Category Archives: Blog

The Parable of the Velveteen Rabbit

We are mistaken if we believe that our consciousness is fully awakened at the first moment  after birth.   Perhaps because we don’t know how to imagine any other living state, it may seem to us that birth is a decisive instant,  before which there is nothing and after which we are fully ourselves.  Contrary to that assumption, consciousness is an evolving condition of being.

One of my favorite childhood stories is The Velveteen Rabbit[1], a parable of  just how this evolution may occur.  The Velveteen Rabbit, once a beloved and shiny stuffed bunny,  was loved deeply by The Boy, who saw him as real.  All of the wear and tear from allowing himself to be vulnerable stripped the rabbit both of his sheen and his un-realness. When the boy finally “moves on” as children (and all people) can do sometimes, the Rabbit was heartbroken, feeling rejected and diminished.   Despondent, after crying his first real tear,  a beautiful fairy came to make him into a Real Rabbit, allowing him to hop, skip, and jump with other rabbits (who also had once been discarded).    The Velveteen Rabbit could never have enjoyed the beauty of being Real had he not been “broken open” by the experience of vulnerability.

To me, the moral of this story is that we become Real through the process of connection.    The story is a beautiful metaphor for how our flaws and apparent imperfections can be transformed when they are integrated and fully accepted.    We become more “Real” (authentic) when we are open and ‘vulnerable’  (able to be hurt),  when we allow ourselves to be deeply affected by someone.   But as the Skin Horse wisely tells the little rabbit in the story, sometimes becoming Real hurts.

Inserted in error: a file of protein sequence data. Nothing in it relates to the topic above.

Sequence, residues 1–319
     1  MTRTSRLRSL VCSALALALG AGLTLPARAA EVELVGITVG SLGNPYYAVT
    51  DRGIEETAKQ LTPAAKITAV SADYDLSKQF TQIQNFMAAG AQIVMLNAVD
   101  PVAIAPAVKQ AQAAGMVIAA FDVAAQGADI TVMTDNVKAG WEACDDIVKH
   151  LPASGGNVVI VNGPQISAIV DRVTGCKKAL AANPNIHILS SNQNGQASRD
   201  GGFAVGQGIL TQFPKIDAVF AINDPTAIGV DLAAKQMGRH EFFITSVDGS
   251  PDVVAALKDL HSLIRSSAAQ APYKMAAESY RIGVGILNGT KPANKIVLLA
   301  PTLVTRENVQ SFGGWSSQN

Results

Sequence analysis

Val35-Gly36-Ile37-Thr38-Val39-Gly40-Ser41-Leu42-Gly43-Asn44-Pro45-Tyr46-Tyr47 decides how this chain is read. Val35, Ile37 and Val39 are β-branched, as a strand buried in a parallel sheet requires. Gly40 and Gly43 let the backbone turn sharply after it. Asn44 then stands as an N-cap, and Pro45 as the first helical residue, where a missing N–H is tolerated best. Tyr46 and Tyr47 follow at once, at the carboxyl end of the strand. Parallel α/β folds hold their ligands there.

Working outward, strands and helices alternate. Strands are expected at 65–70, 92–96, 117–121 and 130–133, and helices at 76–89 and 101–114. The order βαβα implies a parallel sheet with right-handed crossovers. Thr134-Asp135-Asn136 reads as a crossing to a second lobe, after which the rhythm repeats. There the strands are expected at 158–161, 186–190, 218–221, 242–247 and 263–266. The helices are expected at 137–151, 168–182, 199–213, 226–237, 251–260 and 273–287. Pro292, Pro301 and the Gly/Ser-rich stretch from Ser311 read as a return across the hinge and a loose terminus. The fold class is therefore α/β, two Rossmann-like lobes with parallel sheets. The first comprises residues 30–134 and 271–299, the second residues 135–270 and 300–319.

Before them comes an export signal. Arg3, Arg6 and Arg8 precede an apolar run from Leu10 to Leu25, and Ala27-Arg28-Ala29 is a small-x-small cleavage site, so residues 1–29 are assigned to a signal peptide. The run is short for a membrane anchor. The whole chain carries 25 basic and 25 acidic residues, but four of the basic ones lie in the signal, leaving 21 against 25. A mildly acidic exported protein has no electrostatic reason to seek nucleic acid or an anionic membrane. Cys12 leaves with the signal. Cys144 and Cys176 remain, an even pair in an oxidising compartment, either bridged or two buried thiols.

Becoming who we are is a journey in which we must come to terms with our tattered fur and threadbare paws. This is a life-long process of learning to be comfortable in our own skin.   We live fully only to the extent that we embody authenticity and aliveness.   This is how we become Who We Are.

                       [1] By Margery Williams






Downloading Future, Please Wait


When I posted this picture without title or further explanation some time ago, I was astounded at how many people said “huh??”

The point of the post is not some intent to confuse or create a clever play on words. 

Rather, it is to invite you to contemplate two things:

(1) The computer mindset in which we all spend way too much of our time (downloading content); and

(2) The future-oriented frame of mind in which we all have the tendency to live our lives.

The problem with waiting for the future to finish downloading is the idea that we have Time.  People tend to live facing towards the Future with some sense that “It” will be arriving from that direction.   “Someday” we’ll get all our ducks in a row and then life will begin.

Waiting for “It” to arrive (whatever we take “it” to be) distracts us from the only moment in which we can ever be happy, which is Now. 

Life is not a dress rehearsal; it’s the actual event.



Mindful Conversation


Communication is a mutual act;  it takes two to communicate,  one to speak and the other to listen.    As Henry David Thoreau once said, “the greatest compliment that was ever paid me was when someone asked me what I thought and attended to my answer”.

Since we spend a large part of our lives talking to people, mindful awareness of speaking and listening provides a wonderful opportunity to open the senses, heart, and mind to receive the moment more fully.

The following are some important guidelines:

  • Listen to others with appreciation for the gift of what is being communicated.
  • When participating in conversation, rest quietly and receptively in open awareness.      If I am not present with me, I cannot be present with others.
  • Listen to emotion, facial expression, and tone of voice as well as meaning. Listen to the silences between words or between speakers.     You are listening to a fellow human being.   Listen with kindness.    Let the words, the stories, touch a compassionate heart.

Are Relationships Becoming Obsolete?

It was several years ago when I first heard about a new smart phone app which touted its ability to listen to and decipher the complexity of baby sounds to help the new mother discern whether the baby was hungry, wet or tired.   As a relational therapist, I was appalled by the potential significance of such substitutions for natural human empathy.  Woefully few parents are relationally adequate as it is.    A poor omen for a society which already seems so dysfunctional and disordered.